Myers Appointed Director of National Vaccine Program Office
U.S. Surgeon General David Satcher announced yesterday the appointment of Dr. Martin Myers to the position of director of the National Vaccine Program Office. Myers, a "highly respected" herpes virologist and teacher, had served as NVPO's acting director from February 2000 to October 2000 (Office of the U.S. Surgeon General release, 12/4). As head of the NVPO, Myers is positioned at the heart of an issue that has sparked an "intense" battle between health officials and consumer "activists" -- vaccination. Both groups are engaged in a tug-of-war for parents' attention, with the government and the pediatrics community promoting childhood vaccination and activists warning about its dangers. One of the most prominent of the activist groups is the National Vaccine Information Center, a group founded by parents who say their children were harmed by an older version of the diphtheria/tetanus/pertussis vaccine no longer used by doctors. The NVIC has countered many of the government's arguments in favor of childhood vaccination, citing data that points to side effects and other risks involved with some vaccines. An article in today's Washington Post profiles the arguments and positions adopted by the government and the NVIC regarding various vaccines:
- Diphtheria/tetanus/pertussis vaccine: The NVIC points to "anecdotal evidence" to bolster its claim that DTaP causes "rare cases" of death, brain damage and illness. However, the group "concedes" that the current version of the vaccine causes "far fewer" side effects than the old version, which was replaced in 1996. The CDC counters that "no studies have proved a link" between either the old or new vaccine and death or permanent brain damage.
- Chickenpox vaccine: NVIC notes a study published this year in the
Journal of the American Medical Association that revealed a 4% rate of "serious side effects" to the vaccine which ranged from severe allergic shock to death. The FDA researchers who wrote the study, however, stated that "most side effects were minor" and the serious risks "appear to be rare." The added that they "could not confirm [a] causal link" between the vaccine and these effects.
- Measles/Mumps/Rubella: NVIC highlights a 1998 Lancet study which found that eight out of 12 "previously healthy" children developed stomach problems and autistic behavior after receiving the vaccine. Five of those eight children had prior "adverse reactions" to other vaccines. The CDC points to a "larger" 1999 Lancet study which found no correlation between the introduction of the MMR vaccine in 1988 and the increase of autism spectrum disorders in London children.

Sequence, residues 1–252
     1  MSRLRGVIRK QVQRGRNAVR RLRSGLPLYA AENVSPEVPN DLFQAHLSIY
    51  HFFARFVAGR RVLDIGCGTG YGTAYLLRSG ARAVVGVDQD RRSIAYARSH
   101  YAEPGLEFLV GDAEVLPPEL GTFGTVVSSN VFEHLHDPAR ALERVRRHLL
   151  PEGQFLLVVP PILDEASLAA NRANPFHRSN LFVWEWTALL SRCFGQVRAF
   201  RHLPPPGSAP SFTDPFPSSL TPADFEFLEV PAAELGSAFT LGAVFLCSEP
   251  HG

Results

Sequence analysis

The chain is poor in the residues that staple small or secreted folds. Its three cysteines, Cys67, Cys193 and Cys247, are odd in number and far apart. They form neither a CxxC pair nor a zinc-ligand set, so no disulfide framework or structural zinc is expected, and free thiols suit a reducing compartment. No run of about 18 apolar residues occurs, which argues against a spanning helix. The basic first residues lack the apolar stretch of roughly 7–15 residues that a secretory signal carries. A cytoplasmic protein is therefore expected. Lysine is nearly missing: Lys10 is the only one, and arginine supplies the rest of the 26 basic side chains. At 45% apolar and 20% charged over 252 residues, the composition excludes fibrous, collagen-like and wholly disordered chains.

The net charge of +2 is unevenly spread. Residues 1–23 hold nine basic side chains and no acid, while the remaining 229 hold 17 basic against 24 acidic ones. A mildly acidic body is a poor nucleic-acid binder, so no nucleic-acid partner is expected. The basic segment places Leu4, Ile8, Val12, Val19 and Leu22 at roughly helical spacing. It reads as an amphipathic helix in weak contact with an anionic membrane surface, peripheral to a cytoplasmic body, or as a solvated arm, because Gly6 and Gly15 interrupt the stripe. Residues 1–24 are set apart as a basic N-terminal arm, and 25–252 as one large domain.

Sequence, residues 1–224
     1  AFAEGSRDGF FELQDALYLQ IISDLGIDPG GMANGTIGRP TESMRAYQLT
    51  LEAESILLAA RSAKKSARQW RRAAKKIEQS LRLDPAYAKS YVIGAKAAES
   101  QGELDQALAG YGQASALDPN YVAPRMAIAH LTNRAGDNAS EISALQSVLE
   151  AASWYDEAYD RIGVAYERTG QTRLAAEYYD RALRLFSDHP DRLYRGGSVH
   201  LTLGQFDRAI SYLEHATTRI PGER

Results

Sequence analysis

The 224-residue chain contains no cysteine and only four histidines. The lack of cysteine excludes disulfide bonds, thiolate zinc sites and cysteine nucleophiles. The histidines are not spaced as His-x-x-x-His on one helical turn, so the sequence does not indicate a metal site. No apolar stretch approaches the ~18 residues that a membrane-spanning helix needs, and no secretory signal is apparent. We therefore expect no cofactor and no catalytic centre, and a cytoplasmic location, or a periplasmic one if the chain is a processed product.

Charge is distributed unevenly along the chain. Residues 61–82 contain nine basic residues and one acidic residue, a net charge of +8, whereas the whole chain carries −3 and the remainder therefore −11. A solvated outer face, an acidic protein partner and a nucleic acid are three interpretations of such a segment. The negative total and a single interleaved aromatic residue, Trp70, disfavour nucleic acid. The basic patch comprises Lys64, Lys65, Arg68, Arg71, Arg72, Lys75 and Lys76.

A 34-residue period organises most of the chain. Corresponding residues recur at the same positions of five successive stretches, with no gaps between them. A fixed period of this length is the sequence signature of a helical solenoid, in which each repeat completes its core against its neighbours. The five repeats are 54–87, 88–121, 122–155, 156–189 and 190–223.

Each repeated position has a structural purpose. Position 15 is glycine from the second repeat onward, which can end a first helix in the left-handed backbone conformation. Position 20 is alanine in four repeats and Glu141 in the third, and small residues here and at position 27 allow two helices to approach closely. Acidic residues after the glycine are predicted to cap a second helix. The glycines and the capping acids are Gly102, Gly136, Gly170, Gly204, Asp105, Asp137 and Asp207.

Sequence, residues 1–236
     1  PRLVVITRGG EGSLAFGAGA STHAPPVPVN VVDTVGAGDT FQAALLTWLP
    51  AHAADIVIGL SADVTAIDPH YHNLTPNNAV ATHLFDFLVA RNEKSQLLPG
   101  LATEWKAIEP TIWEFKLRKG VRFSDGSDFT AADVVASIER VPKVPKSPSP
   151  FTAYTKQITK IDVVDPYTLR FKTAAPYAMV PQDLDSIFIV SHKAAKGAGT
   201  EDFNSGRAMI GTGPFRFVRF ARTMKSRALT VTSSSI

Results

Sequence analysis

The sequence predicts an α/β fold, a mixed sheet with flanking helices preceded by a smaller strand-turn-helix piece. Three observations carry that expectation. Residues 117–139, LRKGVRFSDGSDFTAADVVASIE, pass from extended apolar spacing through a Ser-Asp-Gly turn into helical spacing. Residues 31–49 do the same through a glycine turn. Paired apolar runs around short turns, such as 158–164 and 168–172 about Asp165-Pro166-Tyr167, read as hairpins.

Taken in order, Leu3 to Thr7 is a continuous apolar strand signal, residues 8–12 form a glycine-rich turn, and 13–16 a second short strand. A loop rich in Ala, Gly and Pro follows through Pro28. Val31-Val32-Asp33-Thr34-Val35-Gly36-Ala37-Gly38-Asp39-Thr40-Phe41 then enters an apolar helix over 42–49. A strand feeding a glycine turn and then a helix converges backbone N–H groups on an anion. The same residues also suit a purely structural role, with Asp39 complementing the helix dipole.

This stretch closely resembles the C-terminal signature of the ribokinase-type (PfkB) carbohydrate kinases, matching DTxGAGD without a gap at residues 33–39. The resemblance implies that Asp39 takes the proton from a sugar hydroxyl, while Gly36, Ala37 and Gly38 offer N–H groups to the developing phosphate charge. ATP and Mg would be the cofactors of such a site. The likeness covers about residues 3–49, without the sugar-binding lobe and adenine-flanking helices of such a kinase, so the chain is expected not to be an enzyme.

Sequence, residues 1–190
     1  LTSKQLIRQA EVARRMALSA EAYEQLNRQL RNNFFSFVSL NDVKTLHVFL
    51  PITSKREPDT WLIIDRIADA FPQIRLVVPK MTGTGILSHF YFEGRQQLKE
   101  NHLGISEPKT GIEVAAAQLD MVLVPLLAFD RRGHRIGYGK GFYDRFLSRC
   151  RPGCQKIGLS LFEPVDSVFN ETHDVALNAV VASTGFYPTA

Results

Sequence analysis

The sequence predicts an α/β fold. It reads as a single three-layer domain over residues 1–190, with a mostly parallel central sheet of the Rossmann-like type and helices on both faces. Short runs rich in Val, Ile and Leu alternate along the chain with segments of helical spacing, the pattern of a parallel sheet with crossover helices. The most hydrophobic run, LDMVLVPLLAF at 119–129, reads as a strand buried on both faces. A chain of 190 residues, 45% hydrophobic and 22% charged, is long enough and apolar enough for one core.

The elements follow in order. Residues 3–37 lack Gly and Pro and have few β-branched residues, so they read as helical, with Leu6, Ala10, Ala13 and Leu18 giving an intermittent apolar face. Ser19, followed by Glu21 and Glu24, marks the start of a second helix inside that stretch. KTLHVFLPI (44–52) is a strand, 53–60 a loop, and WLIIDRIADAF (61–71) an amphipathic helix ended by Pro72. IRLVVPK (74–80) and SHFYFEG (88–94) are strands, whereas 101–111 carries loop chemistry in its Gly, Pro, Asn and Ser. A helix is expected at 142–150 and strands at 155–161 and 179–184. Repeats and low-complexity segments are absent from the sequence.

- Vaccine-Diabetes Link: NVIC points to a 1997 study in Infectious Diseases in Clinical Practice which links the introduction of three new vaccines in Finland to a 147% increase in diabetes in children ages four and under. In children between the ages of five and nine, the vaccine was linked to a 40% increase in diabetes. However, two separate 1998 gatherings of infectious disease experts found "no evidence behind increased risk of diabetes" from childhood vaccines. The health officials cited genetics, environment and "certain infections" as "more likely factors" for the increase in diabetes incidence.
- Hepatitis B: An NVIC review of the U.S. Vaccine Adverse Events Reporting System database shows that the vaccine covered 2,424 side effects between 1990 and 1998. The group's review of the data also found that the vaccine resulted in 73 deaths in children under 14. The group cites a Duke University researcher who says that the side effects of the vaccine are "underreported" because drug studies monitored children for only four to five days, "insufficient time" to detect autoimmune diseases that can be a side effect. The CDC, however, finds "no association between serious side effects and [the] vaccine" following the inoculation of more than 20 million people in the United States and more than 500 million people worldwide. The agency says that death from the vaccine "is extremely rare," and an Institute of Medicine analysis of early data found "insufficient evidence" that the vaccine is linked to death. A recent study "suggested" that people developing rheumatoid arthritis after hepatitis B vaccination "were genetically at risk for the disease."
- Illness in Children: The NVIC states that since most vaccine trials do not include sick children, "no evidence exists that it is safe to vaccinate even mildly ill children." The CDC counters that "mild childhood illness" does not make the vaccine any less safe or effective. The agency urges parents not to let mild illness deter them from taking their childhood to be vaccinated on schedule, since missed or delayed vaccinations could result in "serious disease" (Kritz, Washington Post, 12/5).
http://www.cdc.gov/nip/vacsafe/. To access the NVIC Web site, go to http://www.909shot.com/.
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